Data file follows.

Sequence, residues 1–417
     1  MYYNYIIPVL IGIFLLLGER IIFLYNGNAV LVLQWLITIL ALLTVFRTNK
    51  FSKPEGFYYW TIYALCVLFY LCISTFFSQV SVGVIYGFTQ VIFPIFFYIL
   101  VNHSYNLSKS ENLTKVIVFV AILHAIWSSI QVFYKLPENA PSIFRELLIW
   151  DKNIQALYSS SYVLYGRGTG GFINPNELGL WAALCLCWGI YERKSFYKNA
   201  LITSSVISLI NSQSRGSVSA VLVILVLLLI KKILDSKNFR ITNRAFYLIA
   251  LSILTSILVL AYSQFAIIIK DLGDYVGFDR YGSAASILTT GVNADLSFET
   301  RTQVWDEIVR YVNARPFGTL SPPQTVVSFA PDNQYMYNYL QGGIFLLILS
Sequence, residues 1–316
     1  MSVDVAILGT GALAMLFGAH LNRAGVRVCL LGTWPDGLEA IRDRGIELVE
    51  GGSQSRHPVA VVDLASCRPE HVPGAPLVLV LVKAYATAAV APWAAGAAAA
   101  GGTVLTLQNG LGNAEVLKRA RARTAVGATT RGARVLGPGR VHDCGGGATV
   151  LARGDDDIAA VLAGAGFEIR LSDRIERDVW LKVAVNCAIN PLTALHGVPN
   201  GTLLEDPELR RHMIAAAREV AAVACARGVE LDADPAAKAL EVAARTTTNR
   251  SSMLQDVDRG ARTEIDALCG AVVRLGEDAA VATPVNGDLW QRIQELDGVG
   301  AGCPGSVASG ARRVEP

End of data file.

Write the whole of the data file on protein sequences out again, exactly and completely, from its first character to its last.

Sequence, residues 1–417
     1  MYYNYIIPVL IGIFLLLGER IIFLYNGNAV LVLQWLITIL ALLTVFRTNK
    51  FSKPEGFYYW TIYALCVLFY LCISTFFSQV SVGVIYGFTQ VIFPIFFYIL
   101  VNHSYNLSKS ENLTKVIVFV AILHAIWSSI QVFYKLPENA PSIFRELLIW
   151  DKNIQALYSS SYVLYGRGTG GFINPNELGL WAALCLCWGI YERKSFYKNA
   201  LITSSVISLI NSQSRGSVSA VLVILVLLLI KKILDSKNFR ITNRAFYLIA
   251  LSILTSILVL AYSQFAIIIK DLGDYVGFDR YGSAASILTT GVNADLSFET
   301  RTQVWDEIVR YVNARPFGTL SPPQTVVSFA PDNQYMYNYL QGGIFLLILS
Sequence, residues 1–316
     1  MSVDVAILGT GALAMLFGAH LNRAGVRVCL LGTWPDGLEA IRDRGIELVE
    51  GGSQSRHPVA VVDLASCRPE HVPGAPLVLV LVKAYATAAV APWAAGAAAA
   101  GGTVLTLQNG LGNAEVLKRA RARTAVGATT RGARVLGPGR VHDCGGGATV
   151  LARGDDDIAA VLAGAGFEIR LSDRIERDVW LKVAVNCAIN PLTALHGVPN
   201  GTLLEDPELR RHMIAAAREV AAVACARGVE LDADPAAKAL EVAARTTTNR
   251  SSMLQDVDRG ARTEIDALCG AVVRLGEDAA VATPVNGDLW QRIQELDGVG
   301  AGCPGSVASG ARRVEP